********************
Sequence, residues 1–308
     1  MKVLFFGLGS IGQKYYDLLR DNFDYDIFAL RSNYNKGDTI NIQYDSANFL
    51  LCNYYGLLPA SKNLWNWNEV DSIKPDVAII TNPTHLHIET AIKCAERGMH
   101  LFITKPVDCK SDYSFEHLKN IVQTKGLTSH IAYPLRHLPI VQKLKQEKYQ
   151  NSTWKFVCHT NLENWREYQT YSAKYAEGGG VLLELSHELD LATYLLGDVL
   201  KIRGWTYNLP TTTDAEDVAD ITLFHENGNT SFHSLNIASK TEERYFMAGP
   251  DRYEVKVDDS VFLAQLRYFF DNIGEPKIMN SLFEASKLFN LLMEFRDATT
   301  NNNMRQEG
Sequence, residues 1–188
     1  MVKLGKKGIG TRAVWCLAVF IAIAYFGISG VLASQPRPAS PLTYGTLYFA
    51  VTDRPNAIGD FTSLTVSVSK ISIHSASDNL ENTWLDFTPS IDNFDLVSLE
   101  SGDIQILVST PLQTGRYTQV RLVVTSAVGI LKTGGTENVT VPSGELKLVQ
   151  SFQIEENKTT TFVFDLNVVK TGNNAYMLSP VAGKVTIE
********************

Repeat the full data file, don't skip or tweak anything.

Sequence, residues 1–308
     1  MKVLFFGLGS IGQKYYDLLR DNFDYDIFAL RSNYNKGDTI NIQYDSANFL
    51  LCNYYGLLPA SKNLWNWNEV DSIKPDVAII TNPTHLHIET AIKCAERGMH
   101  LFITKPVDCK SDYSFEHLKN IVQTKGLTSH IAYPLRHLPI VQKLKQEKYQ
   151  NSTWKFVCHT NLENWREYQT YSAKYAEGGG VLLELSHELD LATYLLGDVL
   201  KIRGWTYNLP TTTDAEDVAD ITLFHENGNT SFHSLNIASK TEERYFMAGP
   251  DRYEVKVDDS VFLAQLRYFF DNIGEPKIMN SLFEASKLFN LLMEFRDATT
   301  NNNMRQEG
Sequence, residues 1–188
     1  MVKLGKKGIG TRAVWCLAVF IAIAYFGISG VLASQPRPAS PLTYGTLYFA
    51  VTDRPNAIGD FTSLTVSVSK ISIHSASDNL ENTWLDFTPS IDNFDLVSLE
   101  SGDIQILVST PLQTGRYTQV RLVVTSAVGI LKTGGTENVT VPSGELKLVQ
   151  SFQIEENKTT TFVFDLNVVK TGNNAYMLSP VAGKVTIE